dren's hollow stomachs. The day of There is no concern of life--(if all this humbug is, however, closed; there the world would tell the truth)—there is no faith now placed in a science is really no subject of anticipation, of (Spirit of Bacon ! a science !!) which hope, of desire, of anxiety, so univer- found benevolence largely indicated in sally engrossing—there is nothing we the skull of the murderer, and hoshould fare so ill without, nothing we nesty in that of the thief, but accountshould so deprecate the want of, as- ed for this by assuring you that the DINNER. Where, when, and how he bump of cruelty rose paramount in the shall dine, are not matters of light in- one, and covetousness in the other; terest to any one duly impressed with in other words, that the manslayer a sense of the importance of the sub- would have been humane, if he had ject; and who is not? I speak not to not been savage, and the plunderer a those, I know, who are callous upon a true man if he had not been a rogue ! matter of such intense interest, and I But if you want a true criterion of a claim their undivided attention while man's character, look at his dinners ; I endeavour to lay down the principles you will judge of his liberality or of a science worthy of all the consider- meanness, his taste or his vulgarity, ation they can bestow upon it. by what you behold upon his table,
What avails it that Macculloch holds and will estimate his worth and the forth about Political Economy to star
consideration in which he is held in ving operatives, who, neglecting their society—his qualities as a husband, a business, will soon be unable to pay parent, or a friend, by the demeanour him for his prosing? Better it would of those you find assembled around it. be for both to consider the means of For although the board may groan improving their domestic economy ; with embossed plateaus, and although for surely it is less germane to the mat- the fumes of the richest viands, elaboter to know how to govern, than how rated by the most-learned cooks, may to dine, at least to those who, Hea- ascend in exciting vapour to the noses ven grant, may never do the former, of the guests, yet, if the master of the while they must, if possible, daily dó feast have a taint in his character, the latter.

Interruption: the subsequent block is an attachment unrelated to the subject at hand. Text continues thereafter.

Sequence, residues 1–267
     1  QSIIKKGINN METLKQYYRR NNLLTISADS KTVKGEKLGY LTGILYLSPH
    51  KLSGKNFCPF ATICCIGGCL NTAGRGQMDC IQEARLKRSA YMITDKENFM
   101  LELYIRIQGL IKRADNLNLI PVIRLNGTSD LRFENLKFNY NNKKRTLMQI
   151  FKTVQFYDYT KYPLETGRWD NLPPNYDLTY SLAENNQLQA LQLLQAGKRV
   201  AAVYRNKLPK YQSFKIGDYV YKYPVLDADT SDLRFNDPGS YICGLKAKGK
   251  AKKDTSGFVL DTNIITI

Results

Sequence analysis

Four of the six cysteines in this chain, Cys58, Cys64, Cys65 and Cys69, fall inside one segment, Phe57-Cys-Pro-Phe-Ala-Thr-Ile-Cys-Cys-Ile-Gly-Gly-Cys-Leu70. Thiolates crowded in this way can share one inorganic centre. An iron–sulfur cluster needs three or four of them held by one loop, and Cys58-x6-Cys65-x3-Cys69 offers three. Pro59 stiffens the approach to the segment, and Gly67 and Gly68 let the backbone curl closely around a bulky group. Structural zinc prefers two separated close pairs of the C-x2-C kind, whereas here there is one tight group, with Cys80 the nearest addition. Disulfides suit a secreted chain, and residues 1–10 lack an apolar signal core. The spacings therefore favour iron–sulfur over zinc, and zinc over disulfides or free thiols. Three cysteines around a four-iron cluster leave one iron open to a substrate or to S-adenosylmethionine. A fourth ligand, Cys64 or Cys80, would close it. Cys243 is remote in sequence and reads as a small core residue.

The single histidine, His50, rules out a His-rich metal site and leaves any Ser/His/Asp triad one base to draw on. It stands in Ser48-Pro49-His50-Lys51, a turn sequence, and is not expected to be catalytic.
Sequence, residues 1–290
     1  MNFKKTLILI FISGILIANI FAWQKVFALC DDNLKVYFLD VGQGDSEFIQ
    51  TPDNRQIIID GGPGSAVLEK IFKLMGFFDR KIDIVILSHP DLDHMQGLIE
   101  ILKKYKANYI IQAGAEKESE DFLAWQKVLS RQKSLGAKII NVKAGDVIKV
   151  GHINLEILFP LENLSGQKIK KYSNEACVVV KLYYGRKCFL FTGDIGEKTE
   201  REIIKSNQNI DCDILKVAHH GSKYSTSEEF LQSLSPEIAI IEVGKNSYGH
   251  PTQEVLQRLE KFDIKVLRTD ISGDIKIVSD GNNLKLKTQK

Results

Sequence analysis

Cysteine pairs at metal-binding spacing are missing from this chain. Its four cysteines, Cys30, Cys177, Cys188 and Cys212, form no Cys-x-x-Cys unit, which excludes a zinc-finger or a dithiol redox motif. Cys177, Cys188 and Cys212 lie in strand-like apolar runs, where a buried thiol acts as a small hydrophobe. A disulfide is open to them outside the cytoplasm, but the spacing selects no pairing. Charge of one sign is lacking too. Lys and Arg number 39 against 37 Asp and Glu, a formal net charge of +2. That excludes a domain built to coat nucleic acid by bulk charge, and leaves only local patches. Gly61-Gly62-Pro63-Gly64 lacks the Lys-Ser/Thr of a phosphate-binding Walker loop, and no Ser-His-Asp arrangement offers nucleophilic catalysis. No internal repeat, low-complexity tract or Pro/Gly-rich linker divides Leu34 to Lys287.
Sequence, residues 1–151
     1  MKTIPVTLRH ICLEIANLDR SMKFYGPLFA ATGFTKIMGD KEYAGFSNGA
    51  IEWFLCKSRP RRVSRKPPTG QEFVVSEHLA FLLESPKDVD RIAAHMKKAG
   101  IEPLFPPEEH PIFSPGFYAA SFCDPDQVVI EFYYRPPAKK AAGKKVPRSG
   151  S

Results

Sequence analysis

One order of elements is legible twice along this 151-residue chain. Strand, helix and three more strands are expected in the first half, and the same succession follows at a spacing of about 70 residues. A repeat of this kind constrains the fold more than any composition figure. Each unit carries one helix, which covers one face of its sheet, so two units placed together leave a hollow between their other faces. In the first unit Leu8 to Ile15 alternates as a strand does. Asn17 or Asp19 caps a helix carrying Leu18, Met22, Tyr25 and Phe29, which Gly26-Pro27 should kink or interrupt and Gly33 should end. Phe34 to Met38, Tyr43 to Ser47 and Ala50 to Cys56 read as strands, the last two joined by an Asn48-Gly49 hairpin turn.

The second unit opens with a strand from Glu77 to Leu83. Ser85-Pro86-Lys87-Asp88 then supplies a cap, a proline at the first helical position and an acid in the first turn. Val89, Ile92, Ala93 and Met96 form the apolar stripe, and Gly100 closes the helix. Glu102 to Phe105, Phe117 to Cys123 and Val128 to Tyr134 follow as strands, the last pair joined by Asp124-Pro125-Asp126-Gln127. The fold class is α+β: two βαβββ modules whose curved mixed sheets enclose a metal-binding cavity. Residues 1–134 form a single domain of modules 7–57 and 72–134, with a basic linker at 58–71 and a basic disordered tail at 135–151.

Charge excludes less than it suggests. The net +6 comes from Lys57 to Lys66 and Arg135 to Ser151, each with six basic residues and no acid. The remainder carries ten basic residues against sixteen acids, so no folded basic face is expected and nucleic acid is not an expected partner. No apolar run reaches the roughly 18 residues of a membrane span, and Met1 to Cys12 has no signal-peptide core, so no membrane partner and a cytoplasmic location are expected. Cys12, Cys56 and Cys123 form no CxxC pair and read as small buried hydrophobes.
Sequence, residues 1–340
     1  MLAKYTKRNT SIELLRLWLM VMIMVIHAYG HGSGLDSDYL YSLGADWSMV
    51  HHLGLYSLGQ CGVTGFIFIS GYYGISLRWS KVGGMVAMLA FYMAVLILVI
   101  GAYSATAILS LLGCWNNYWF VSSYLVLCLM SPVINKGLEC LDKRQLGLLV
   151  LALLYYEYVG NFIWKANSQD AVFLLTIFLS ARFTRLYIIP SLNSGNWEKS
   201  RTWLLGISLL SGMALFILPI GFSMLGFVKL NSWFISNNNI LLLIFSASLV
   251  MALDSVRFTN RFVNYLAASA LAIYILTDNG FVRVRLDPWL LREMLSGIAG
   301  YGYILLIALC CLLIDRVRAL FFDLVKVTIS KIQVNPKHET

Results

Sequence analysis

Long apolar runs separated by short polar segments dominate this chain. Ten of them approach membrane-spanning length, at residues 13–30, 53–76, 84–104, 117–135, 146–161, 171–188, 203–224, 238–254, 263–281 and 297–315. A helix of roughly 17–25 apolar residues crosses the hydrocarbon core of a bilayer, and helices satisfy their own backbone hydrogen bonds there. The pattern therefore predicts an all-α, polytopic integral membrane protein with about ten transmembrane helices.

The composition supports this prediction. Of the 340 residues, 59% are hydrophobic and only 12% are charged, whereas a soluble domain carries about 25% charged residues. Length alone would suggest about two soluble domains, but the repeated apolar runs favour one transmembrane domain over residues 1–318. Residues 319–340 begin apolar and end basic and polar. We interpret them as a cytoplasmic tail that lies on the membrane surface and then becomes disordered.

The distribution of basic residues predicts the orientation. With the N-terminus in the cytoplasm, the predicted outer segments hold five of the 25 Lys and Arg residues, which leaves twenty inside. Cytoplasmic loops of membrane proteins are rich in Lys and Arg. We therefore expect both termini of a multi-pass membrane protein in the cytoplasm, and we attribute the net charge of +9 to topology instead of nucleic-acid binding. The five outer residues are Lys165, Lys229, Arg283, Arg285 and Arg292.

those noses must, if they belong not How pitiful it is to think that the wholly to the bottle-nosed tribe of charlatanry of Craniology should sharks, who will submit to any degrahave bewildered the minds of many, dation for a dinner, be uplifted diseven sensible men, who used to throw cernibly in scorn of the wretch, and away money to hear idle windy ha- even in contempt for themselves, as rangues about bumps in their heads, submitting to the degradation of diwhich would have been better spent in ning with him; while, on the other creating bumps in their hungry chil- hand, be the worthy householder ever so poor, be his beef-steak ever so sin- shaking it had got in coming from the gle, his whisky ever so Lowland, and grocer's, (importer of and dealer in his servant-lass ever so barefooted, you foreign and British wines and spirits.) will be sure to find the smile of friend- Ah! gentlemen, believe me there is ship playing on the countenance of much to be learned at a dinner. his guest, and will at once see proofs Having thus opened to you, in some of the esteem felt for a man of ho- slight degree, the importance of the nour, albeit in distress. Even in such